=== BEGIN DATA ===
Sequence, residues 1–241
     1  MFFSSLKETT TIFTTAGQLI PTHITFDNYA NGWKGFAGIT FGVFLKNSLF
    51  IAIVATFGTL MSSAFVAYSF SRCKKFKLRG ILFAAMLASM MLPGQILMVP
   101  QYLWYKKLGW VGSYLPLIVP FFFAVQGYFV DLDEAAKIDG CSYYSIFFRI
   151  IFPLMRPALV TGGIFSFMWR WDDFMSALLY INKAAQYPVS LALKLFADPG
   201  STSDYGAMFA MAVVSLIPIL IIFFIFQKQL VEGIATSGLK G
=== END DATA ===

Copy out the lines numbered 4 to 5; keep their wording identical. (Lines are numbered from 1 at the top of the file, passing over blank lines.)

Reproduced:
   101  QYLWYKKLGW VGSYLPLIVP FFFAVQGYFV DLDEAAKIDG CSYYSIFFRI
   151  IFPLMRPALV TGGIFSFMWR WDDFMSALLY INKAAQYPVS LALKLFADPG